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PolyU Library

Conduct a Literature Review

More Searching Tips


Here are some quick tips when you got too many or too few results. 

Too many results? Too few results?
  • Add extra search terms and combine them with AND operator. AND narrows your search.
  • Use more specific search terms, especially for terms that have different meanings in different disciplines/contexts, e.g. use "computing architecture" instead of "architecture".
  • Specify the search field, e.g. search within "Title", "Subject".
  • Use exact phrase search, i.e. add quotation marks " " around your search terms
  • Use filters to refine your search results, e.g. peer-reviewed journals, publication year range
  • Add synonyms or alternative search terms and combine them with OR operator. OR broadens your search.
  • Use truncations or wildcards, e.g. transmit* finds transmit, transmitted, transmission, etc.
  • Other than keyword searching, also perform subject heading searching, e.g. search MeSH, indexing terms in the database.
  • Use citation chaining to explore related articles

Still confused? Learn more details about searching techniques below. 

Do note that you do not need to use all of these techniques in every search you perform. However, understanding how they work can definitely help you better manage your search.

Boolean operators allow you to include multiple words and concepts in your searches. AND, OR, NOT are the most commonly used Boolean operators. Move your cursor over the Boolean operators to see how each one works!

  • AND
  • OR
  • NOT

Move your cursor over the Boolean operators to see how each one works.

AND combines search terms so that each result contains all of the terms. E.g. "youth AND drug" finds articles that contain both youth and drug.

OR combines search terms so that each result contains at least one of the terms. It is often used to connect synonyms or similar concepts. E.g. "youth OR teenager" finds articles that contain either youth or teenager or both.

NOT excludes terms so that each result does not contain the term. E.g. "drug NOT alcohol" finds articles that contain drug but exclude alcohol.

(Adapted from The Boolean Machine, by Rockwell Schrock)


Search Order of Boolean Operators

  • NOT AND > OR  (in most databases, including OneSearch) 
  • Use parentheses () if you need to override the order. 

E.g.

  • youth OR teenager AND drug finds articles that contain either youth (only), or teenager and drug (both words are present);
  • (youth OR teenager) AND drug finds articles that contain either youth and drug (both words are present) or teenager and drug (both words are present).

Truncations (*) and wildcards (?, #) are used to include different spellings therefore broadens your search.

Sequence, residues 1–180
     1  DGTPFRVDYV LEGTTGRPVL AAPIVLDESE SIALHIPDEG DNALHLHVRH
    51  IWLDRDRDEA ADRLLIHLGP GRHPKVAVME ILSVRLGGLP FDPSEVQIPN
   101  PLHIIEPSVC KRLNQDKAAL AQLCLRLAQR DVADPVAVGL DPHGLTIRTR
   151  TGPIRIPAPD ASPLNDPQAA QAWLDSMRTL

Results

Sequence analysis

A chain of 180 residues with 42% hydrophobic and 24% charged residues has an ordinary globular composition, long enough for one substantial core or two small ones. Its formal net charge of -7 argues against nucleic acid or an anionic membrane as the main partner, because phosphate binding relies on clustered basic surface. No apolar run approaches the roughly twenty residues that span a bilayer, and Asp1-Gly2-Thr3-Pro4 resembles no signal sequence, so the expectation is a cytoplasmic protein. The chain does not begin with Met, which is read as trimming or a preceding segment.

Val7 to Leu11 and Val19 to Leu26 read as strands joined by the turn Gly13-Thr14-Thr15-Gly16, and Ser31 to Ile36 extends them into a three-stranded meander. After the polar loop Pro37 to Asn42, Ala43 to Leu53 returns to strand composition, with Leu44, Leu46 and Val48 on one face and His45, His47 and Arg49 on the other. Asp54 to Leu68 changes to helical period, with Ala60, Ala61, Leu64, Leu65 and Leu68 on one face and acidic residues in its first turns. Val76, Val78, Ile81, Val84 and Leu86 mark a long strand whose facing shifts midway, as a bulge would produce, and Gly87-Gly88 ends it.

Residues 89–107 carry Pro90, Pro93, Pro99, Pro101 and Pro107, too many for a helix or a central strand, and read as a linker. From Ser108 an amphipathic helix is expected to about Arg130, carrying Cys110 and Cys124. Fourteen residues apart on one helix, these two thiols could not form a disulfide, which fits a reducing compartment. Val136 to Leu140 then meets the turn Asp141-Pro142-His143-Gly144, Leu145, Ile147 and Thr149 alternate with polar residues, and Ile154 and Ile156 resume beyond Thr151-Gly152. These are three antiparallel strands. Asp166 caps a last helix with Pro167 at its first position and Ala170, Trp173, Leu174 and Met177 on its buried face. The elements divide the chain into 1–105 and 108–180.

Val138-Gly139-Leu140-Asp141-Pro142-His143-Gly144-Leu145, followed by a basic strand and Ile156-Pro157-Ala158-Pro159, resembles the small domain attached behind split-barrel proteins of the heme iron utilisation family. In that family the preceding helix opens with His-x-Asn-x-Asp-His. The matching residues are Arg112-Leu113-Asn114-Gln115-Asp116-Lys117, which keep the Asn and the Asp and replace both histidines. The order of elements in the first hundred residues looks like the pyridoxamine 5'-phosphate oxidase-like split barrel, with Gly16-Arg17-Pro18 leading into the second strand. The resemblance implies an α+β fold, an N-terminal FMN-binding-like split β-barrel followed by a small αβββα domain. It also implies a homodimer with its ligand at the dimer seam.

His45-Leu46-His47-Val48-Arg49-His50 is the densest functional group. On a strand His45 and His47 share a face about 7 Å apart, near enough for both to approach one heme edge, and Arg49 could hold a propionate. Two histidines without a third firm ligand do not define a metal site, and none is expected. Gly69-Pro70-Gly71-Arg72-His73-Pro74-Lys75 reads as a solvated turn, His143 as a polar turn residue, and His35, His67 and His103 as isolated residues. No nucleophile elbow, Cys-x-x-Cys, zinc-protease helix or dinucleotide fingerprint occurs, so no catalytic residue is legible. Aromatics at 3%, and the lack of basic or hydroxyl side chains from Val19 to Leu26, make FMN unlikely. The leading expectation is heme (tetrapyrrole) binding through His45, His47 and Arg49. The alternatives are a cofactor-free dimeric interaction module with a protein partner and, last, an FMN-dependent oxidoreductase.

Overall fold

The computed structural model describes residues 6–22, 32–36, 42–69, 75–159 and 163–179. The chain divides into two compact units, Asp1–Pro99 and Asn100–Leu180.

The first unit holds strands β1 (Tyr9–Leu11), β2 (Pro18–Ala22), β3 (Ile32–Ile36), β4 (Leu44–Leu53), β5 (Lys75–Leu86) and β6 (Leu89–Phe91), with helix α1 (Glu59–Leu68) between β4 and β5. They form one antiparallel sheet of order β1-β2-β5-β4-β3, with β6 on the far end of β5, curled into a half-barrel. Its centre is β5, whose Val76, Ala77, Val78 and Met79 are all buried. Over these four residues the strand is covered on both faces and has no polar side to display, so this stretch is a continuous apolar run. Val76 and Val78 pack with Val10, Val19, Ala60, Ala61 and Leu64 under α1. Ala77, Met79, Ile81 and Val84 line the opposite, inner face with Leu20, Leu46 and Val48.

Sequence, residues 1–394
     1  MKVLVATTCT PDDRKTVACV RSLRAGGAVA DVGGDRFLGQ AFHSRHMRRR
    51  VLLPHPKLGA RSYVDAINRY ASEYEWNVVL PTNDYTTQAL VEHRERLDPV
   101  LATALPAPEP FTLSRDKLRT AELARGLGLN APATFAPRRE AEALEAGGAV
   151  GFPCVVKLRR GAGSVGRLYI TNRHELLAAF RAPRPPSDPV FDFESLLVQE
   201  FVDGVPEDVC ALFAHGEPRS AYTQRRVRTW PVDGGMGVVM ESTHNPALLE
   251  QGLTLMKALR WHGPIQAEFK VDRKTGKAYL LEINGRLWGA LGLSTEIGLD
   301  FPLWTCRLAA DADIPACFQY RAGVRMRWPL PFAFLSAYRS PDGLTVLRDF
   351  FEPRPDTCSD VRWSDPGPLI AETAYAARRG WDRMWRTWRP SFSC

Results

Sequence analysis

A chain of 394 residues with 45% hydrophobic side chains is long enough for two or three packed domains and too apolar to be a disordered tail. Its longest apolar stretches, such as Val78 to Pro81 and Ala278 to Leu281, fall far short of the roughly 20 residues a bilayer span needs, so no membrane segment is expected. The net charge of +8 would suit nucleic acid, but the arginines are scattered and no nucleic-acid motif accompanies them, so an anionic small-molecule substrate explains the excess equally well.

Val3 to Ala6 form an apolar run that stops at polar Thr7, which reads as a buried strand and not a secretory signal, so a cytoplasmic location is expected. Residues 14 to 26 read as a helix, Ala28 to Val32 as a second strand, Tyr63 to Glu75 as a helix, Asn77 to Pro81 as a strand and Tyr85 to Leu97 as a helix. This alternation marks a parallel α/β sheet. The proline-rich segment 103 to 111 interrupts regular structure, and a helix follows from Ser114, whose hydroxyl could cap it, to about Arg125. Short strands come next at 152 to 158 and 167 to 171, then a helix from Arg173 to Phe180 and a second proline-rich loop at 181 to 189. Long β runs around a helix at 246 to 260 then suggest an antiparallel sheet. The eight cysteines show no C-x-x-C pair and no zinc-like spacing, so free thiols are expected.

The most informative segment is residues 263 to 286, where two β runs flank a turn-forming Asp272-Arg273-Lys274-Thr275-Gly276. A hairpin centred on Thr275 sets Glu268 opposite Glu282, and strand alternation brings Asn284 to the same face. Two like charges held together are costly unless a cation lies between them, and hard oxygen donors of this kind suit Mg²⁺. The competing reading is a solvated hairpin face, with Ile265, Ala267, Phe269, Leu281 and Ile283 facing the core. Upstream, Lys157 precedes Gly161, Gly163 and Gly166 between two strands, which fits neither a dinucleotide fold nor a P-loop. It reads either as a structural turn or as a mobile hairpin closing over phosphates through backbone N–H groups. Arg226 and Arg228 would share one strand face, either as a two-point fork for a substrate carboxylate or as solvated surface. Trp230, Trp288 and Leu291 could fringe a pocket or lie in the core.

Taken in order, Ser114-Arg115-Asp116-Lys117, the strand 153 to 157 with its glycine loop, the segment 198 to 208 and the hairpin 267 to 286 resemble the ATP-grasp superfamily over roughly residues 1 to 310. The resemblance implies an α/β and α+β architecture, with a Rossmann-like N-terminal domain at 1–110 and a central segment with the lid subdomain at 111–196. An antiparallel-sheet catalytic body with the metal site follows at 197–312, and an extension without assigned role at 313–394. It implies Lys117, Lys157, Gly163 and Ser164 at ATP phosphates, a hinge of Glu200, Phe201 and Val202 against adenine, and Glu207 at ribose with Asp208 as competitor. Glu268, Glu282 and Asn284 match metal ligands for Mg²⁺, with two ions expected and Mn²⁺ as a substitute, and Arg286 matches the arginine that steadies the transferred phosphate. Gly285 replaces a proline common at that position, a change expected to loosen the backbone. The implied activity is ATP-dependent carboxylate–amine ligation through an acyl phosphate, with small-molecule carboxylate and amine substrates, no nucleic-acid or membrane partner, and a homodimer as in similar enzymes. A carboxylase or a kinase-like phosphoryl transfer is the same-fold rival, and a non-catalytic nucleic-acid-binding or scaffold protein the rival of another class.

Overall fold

E.g.

  • comput* searches computer, computers, computing
  • colo?r searches color, colour

Truncation and wildcard symbols may vary by database. Check the Help page in the database to learn the symbols and operators that database supports. (or, google database name + "operator" to locate the search help page directly).

Phrase search is used to search the specific expression or concepts. Usually quotation marks "" are used to search the exact phrase. Phrase search narrows your search.

E.g.

  • "knowledge sharing" searches only the phrase "knowledge sharing" and will NOT search knowledge creation and sharing (additional words in between) or knowledge shared

In some databases, quotation marks cannot be used with truncation or wildcards. e.g.: "knowledge shar*". Do check the Help page in the database to learn the symbols and operators that database supports.

Keyword searching Subject Heading searching

Keywords are natural language words or phrases that describe the search topic.

Keyword searching looks for the keywords in any field of the record (if not specified).

Subject headings are a group of "controlled vocabularies" that describe the content of each item. These controlled vocabularies are usually given by subject specialists or indexers.

Subject heading searching looks for the subject heading terms in the subject heading field (e.g. Subject, Subject Terms) of the record.

Commonly used subject headings include  MeSH and Emtree, both are used to search biomedical literature.


Tips

  • Subject heading searching helps you find articles by "meaning".
    e.g. search "knowledge management" by Subject returns results that may not contain the phrase "knowledge management" but discuss organizational learning (which is a related subject to knowledge management).
  • Some databases can recommend subject headings when you do a keyword searching. After that you may select appropriate subject headings to search again.
    e.g. EBSCOhost uses "Suggest Subject Terms".